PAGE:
Leather is beautiful. It's a natural product that has been used since man first made pointy stuff to poke things with. It has properties of insulation, durability and flexibility as well as beauty and character.
But it comes from a once living creature and it starts out as skin with meat stuck to it. So how do we get from one state to another? We tan the animal skin, or hide, and turn it into leather.
Some millions of years ago Korg jabbed an antelope with a sharp stick and the idea struck him that the skin of the poor creature might make a cool blanket for his missus. So he peeled it off, chewed off as many of the chunks as he could and then lugged it home.
One week later Korg was kicked out of the cave by his wife and family because he refused to part with his putrefying fly infested meat sleeve. Later that day he was swallowed by a mammoth.
When man first started using animal clothes for his own purposes he inevitably realised that, as an organic substance, skin can easily break down and deteriorate if it isn't properly taken care of. So early man started experimenting with ways to add other substances to the leather to prolong it's useful life. Thus came the process of tanning.
Tanning is the process of changing the state of an animal skin or hide to become leather.
Veg is short for Vegetable Tanned. And it's probably worth pointing out what Veg Tanned Leather is not before I explain what it is.
It is not Chrome and Aldehyde Tanning. These two types of tanning are modern processes that produce fast and reliable results using chemicals that studies have shown to be harmful to people and the environment. Nevertheless these processes are the two most widely used techniques in the world today and are responsible for making over 80% of the worlds leather products. They are fast and they are cheap and that saving is passed down to you, the consumer. So congratulations!
Veg Tanned leather, on the other hand, is neither cheap nor fast. The term Vegetable Tanning is derivative of the plant elements used in the process of preparing the leather. It is the tannins, predominantly from tree barks, that the name tanning is derived from.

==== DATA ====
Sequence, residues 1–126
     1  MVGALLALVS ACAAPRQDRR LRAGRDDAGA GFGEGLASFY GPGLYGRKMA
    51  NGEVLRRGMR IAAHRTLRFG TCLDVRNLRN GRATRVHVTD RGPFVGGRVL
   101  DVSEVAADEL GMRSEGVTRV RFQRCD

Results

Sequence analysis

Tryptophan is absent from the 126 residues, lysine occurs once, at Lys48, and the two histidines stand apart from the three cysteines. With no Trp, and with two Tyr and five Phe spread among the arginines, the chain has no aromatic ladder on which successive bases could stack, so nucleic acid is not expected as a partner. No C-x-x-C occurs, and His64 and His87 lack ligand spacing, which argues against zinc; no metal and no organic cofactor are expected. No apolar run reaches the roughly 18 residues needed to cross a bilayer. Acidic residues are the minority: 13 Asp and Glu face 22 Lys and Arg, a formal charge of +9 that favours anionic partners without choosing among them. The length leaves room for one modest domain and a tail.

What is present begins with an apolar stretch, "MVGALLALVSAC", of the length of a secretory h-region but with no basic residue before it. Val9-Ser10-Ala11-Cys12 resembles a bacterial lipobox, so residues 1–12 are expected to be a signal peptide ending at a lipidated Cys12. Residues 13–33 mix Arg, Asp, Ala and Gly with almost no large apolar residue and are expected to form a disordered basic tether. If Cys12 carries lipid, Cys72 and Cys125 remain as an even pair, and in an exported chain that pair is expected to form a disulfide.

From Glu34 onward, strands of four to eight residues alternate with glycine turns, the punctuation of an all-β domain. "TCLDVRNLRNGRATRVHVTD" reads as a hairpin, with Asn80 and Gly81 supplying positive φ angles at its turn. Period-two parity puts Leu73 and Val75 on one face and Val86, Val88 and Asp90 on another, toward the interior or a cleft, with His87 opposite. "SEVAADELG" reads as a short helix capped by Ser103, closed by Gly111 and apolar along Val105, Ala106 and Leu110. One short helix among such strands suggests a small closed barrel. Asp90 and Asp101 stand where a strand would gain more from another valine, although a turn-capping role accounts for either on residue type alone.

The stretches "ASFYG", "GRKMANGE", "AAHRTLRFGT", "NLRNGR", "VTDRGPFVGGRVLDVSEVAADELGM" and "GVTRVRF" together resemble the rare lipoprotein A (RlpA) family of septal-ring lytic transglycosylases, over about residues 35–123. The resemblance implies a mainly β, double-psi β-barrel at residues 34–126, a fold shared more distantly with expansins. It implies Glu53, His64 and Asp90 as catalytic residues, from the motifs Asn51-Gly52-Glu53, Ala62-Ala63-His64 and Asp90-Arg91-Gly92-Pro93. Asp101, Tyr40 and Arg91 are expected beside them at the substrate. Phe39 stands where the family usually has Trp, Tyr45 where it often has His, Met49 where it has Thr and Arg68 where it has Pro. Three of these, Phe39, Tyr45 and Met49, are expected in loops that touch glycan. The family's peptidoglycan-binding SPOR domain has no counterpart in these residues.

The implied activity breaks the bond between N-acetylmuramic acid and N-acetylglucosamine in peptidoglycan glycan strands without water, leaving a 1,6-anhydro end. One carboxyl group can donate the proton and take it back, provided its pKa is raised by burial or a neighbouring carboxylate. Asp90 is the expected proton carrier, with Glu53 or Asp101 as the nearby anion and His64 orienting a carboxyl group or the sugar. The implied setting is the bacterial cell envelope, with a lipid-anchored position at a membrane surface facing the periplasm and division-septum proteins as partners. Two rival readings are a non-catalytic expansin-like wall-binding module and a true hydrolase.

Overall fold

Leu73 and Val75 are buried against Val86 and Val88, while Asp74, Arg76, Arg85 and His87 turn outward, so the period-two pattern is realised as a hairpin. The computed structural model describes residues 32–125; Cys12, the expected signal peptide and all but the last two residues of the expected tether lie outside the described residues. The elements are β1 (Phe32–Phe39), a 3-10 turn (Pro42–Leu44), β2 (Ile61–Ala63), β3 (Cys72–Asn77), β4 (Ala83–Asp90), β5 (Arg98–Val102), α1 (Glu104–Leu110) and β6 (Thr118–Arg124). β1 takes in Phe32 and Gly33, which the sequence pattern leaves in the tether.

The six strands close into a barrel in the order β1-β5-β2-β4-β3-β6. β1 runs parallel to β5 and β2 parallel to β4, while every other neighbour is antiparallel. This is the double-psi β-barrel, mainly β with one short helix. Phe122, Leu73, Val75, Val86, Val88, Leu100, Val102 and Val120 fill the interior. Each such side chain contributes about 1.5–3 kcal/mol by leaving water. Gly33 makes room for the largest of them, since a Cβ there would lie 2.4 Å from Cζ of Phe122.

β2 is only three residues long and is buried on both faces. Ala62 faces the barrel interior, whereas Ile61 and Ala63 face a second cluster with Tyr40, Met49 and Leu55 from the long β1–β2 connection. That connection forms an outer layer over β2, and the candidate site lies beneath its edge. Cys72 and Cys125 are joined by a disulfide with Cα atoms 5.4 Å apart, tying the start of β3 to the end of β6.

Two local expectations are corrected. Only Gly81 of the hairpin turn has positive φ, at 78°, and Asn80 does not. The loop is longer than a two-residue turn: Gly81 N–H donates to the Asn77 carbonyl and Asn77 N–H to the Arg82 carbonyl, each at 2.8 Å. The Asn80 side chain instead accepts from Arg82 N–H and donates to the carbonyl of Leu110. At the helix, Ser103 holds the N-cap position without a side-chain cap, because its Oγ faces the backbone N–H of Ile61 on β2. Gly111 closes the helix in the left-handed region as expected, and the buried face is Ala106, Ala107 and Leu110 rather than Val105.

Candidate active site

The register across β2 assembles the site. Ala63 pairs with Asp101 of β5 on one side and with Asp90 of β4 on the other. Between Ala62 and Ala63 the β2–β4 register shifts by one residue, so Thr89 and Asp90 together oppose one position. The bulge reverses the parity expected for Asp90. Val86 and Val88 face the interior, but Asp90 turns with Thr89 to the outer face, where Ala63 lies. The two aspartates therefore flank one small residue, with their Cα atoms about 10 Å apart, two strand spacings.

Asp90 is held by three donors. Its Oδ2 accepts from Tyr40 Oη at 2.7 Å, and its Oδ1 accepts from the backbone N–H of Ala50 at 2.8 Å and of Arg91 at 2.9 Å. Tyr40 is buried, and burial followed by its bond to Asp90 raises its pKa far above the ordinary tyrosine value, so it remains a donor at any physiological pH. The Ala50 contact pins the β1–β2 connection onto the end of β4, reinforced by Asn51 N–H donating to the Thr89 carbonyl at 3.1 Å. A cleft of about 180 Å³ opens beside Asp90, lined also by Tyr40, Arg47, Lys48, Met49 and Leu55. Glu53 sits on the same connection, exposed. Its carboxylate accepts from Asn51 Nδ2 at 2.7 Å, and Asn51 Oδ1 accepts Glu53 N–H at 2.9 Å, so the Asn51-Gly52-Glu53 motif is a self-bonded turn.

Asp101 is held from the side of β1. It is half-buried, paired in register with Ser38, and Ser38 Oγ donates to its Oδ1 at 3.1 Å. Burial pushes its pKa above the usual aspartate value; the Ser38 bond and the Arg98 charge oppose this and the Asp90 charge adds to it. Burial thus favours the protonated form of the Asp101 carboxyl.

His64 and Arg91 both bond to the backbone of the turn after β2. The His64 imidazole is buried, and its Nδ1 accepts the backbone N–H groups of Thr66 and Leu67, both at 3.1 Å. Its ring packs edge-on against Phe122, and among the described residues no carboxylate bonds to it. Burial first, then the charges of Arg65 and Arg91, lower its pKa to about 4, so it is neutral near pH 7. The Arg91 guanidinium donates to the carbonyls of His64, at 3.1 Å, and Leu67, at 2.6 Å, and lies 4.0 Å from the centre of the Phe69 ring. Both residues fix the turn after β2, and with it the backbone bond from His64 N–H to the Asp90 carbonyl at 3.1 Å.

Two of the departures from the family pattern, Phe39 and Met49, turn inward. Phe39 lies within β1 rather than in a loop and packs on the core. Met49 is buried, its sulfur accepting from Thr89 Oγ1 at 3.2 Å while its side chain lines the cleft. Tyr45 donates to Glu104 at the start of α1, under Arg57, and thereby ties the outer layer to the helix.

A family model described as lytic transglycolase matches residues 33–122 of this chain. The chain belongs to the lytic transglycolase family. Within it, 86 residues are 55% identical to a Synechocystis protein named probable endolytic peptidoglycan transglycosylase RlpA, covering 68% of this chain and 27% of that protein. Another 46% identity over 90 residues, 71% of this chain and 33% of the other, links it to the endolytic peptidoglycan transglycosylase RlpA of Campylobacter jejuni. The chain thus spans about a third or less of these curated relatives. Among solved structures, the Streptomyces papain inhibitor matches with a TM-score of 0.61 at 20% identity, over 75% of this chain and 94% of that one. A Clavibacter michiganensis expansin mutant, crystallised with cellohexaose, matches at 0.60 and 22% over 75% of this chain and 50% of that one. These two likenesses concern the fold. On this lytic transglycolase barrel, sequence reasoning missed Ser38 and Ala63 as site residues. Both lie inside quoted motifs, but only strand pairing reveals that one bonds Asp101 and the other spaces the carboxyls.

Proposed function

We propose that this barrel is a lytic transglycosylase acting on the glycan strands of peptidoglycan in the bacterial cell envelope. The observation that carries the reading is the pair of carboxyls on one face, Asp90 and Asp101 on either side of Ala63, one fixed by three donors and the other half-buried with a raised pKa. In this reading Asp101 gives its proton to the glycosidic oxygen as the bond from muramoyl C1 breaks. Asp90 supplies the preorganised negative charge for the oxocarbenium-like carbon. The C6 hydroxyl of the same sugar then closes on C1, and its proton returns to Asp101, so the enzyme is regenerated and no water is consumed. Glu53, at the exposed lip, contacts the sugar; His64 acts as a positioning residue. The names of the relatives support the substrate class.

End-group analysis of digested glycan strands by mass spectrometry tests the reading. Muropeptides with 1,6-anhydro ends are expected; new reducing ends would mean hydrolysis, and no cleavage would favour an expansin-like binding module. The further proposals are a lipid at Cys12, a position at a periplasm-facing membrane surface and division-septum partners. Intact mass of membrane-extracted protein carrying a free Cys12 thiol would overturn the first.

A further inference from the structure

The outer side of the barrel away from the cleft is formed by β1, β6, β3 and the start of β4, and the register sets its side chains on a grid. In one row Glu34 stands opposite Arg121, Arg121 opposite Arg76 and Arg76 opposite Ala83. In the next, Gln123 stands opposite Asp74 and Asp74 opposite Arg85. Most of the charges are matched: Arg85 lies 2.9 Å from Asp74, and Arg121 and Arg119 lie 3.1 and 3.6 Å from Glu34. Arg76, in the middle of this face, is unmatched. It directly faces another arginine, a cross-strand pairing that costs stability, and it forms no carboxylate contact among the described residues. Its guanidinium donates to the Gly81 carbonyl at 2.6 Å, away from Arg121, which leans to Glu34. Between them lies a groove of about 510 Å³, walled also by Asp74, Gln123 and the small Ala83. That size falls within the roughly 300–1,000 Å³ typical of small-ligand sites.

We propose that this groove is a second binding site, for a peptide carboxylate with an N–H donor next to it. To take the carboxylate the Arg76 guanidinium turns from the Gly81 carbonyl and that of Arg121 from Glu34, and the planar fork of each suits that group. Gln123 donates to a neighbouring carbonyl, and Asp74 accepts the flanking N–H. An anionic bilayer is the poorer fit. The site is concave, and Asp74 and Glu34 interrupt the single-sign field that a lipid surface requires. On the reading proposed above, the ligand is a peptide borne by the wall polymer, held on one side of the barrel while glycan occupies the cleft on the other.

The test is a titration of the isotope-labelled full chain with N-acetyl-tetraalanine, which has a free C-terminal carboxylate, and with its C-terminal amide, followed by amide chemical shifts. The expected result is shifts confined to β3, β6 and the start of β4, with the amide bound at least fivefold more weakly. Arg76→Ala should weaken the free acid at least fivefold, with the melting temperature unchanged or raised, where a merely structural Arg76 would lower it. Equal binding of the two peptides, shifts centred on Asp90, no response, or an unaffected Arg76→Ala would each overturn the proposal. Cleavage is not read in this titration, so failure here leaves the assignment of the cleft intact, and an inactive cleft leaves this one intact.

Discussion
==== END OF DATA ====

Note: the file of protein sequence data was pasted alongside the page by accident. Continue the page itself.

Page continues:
Tannins are a naturally occurring astringent (meaning it tightens pores and draws liquids out) molecule found in nearly all plants. Tannins applied to the hide bind to the proteins inside the skin and make them less water-soluble and more resistant to bacterial attack. The process also causes the leather to become more flexible.
Leather is created by bathing hides in varying baths of tannins over a period of time; sometimes weeks. It is then baled while wet for more weeks before being dried and prepared for working. The process is more complicated than this but the important thing here is that veg tanned leathers are not exposed to copious amounts of dangerous chemicals used in Chrome and Aldehyde Tanning.
The resulting leather is a natural pale yellow colour (in varying degrees towards red depending on the tanning process). It's generally a thicker more stiffer leather than most people are used to seeing. But it's the first choice of traditional leather workers and saddlers because it's generally tougher and can be coloured by hand to whatever is required by the job at hand.
Veg tanned leathers are not cheap. They take longer to make and are therefore a more expensive option. But studies have shown that not only is it better for the environment, it also lasts longer. Jack Stillman bags utilise as many traditional and natural materials as possible so I was not content to use a chemically altered leather in the process. Each piece of leather is cut, coloured, finished and placed by hand. Each piece is intended to last the lifetime of the bag and the bag is built for a lifetime of service to you.
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